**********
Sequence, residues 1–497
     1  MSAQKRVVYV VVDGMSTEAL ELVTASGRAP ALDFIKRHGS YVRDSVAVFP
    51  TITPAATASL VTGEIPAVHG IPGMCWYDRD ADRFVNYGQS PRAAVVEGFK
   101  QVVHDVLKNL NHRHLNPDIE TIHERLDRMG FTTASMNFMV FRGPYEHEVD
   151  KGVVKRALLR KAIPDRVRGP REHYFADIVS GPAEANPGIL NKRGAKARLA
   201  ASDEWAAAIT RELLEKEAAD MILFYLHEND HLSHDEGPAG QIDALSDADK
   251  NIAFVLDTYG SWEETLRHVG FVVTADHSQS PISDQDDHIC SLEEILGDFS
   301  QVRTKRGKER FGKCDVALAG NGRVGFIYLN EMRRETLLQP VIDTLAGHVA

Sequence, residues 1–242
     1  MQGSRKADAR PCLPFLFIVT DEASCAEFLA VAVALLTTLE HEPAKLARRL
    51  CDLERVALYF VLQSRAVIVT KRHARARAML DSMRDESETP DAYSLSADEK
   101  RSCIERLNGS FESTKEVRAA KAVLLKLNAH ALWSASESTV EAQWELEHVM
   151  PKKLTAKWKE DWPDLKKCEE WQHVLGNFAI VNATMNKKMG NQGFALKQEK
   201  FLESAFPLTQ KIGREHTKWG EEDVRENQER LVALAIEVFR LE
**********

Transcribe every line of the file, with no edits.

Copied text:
Sequence, residues 1–497
     1  MSAQKRVVYV VVDGMSTEAL ELVTASGRAP ALDFIKRHGS YVRDSVAVFP
    51  TITPAATASL VTGEIPAVHG IPGMCWYDRD ADRFVNYGQS PRAAVVEGFK
   101  QVVHDVLKNL NHRHLNPDIE TIHERLDRMG FTTASMNFMV FRGPYEHEVD
   151  KGVVKRALLR KAIPDRVRGP REHYFADIVS GPAEANPGIL NKRGAKARLA
   201  ASDEWAAAIT RELLEKEAAD MILFYLHEND HLSHDEGPAG QIDALSDADK
   251  NIAFVLDTYG SWEETLRHVG FVVTADHSQS PISDQDDHIC SLEEILGDFS
   301  QVRTKRGKER FGKCDVALAG NGRVGFIYLN EMRRETLLQP VIDTLAGHVA

Sequence, residues 1–242
     1  MQGSRKADAR PCLPFLFIVT DEASCAEFLA VAVALLTTLE HEPAKLARRL
    51  CDLERVALYF VLQSRAVIVT KRHARARAML DSMRDESETP DAYSLSADEK
   101  RSCIERLNGS FESTKEVRAA KAVLLKLNAH ALWSASESTV EAQWELEHVM
   151  PKKLTAKWKE DWPDLKKCEE WQHVLGNFAI VNATMNKKMG NQGFALKQEK
   201  FLESAFPLTQ KIGREHTKWG EEDVRENQER LVALAIEVFR LE